Liverpool are again facing a big challenge to get back to winning ways – and again they do so against one of their top-four rivals. It’s Arsenal who visit Anfield on Saturday evening.
Premier League form: D-W-W-L-L-W
League position: 4th
Last win: 2-0 vs Hull City, February 11
Away: Won six, drawn three, lost three
No secrets or surprises from Arsenal, who have a decade of playing the same way behind them.
They’ll move the ball quickly and nicely, down the channels rather than wide, and often looking to get three or four players between the lines, particularly Mesut Ozil.
It’s nominally a 4-2-3-1 but there’s scope for rotation in midfield, with a 4-3-3 against Chelsea a notable flip in the centre recently.
Arsenal aren’t overly aggressive, they can be soft through the middle and the same limitations in the team have been there for years.
Technically, they’re excellent. Mentally, they’re not.
The fast exchanges of passing down the inside channels are Arsenal‘s most frequent route to creating chances, piling numbers around between centre-backs and full-backs, and holding midfielders of the opposition.
Nacho Monreal or Hector Bellerin get as far forward as the byline with regularity, but it’s all about short, sharp passes from them, not crosses from deep most of the time.
It’s easy for defences to get turned around or pulled out of position if they don’t hold their ground, and the constant cut-backs leave scope for onrushing midfielders to get shots away.
Organisation is key: Arsenal can make good sides look very silly indeed when on their game.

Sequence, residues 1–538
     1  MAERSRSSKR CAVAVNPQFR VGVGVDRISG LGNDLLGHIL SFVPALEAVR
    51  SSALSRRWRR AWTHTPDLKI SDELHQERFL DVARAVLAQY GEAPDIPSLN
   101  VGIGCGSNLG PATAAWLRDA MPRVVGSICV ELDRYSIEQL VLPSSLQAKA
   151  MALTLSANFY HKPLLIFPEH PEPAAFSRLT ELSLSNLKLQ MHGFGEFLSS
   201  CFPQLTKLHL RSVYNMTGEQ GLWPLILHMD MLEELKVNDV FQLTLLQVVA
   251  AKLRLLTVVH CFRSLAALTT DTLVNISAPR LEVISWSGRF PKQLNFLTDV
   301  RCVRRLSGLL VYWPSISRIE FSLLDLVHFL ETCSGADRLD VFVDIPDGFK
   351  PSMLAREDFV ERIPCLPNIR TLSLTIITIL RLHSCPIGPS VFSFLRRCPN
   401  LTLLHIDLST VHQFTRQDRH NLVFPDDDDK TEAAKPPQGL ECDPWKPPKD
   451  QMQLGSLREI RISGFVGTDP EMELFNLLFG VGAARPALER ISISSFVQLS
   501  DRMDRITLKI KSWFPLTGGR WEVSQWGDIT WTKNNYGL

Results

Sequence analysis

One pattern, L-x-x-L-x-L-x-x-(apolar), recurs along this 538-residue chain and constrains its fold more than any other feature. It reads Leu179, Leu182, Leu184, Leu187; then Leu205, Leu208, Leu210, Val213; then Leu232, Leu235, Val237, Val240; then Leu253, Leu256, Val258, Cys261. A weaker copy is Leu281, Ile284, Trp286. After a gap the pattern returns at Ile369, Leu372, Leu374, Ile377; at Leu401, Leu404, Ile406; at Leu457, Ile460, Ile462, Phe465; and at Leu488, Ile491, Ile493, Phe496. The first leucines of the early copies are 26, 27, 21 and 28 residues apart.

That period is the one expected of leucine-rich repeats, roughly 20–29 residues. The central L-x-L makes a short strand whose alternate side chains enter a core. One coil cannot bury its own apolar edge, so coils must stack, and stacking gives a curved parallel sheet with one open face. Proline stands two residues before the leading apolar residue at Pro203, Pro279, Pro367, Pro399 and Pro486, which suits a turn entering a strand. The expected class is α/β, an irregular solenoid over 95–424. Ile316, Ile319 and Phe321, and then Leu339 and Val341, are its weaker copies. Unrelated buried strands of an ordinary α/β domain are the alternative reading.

LFC Can Exploit…
Exactly the same areas as they did against Spurs. Hit Arsenal hard and fast (and regularly) in midfield, and flood forward in numbers as soon as possession is won.
If Liverpool can do that, especially from kick-off and not when already a goal down, Arsenal can wilt at times.
The collective approach from Arsene Wenger’s side doesn’t change, even with substitutions, and if Liverpool find a way to cause problems to their visitors the best approach is to simply keep doing it, not sit off or look to become more compact and cede ground.
Whichever of Alexis Sanchez and Olivier Giroud start as the striker for Arsenal—both have troubled the Reds in the past. The Chilean has all the aggression and is confident in front of goal, while Giroud has a permanent need to impress just to win game time this term.
For Liverpool, the absolute debacle at the back against Leicester means Joel Matip needs to be on-point, along with whichever unfortunate soul he has to partner this time.
Arsenal can be overrun and the Reds have goalscorers, but if they only net once at home, that needs to be enough. And that, in turn, means an organised defence, right from kick-off.
Mohamed Elneny and Santi Cazorla are injury absentees, while Ozil should be fit after illness and Granit Xhaka has served his most recent suspension.
Possible XI: Cech; Bellerin, Mustafi, Koscielny, Monreal; Coquelin, Oxlade-Chamberlain; Welbeck, Ozil, Iwobi; Alexis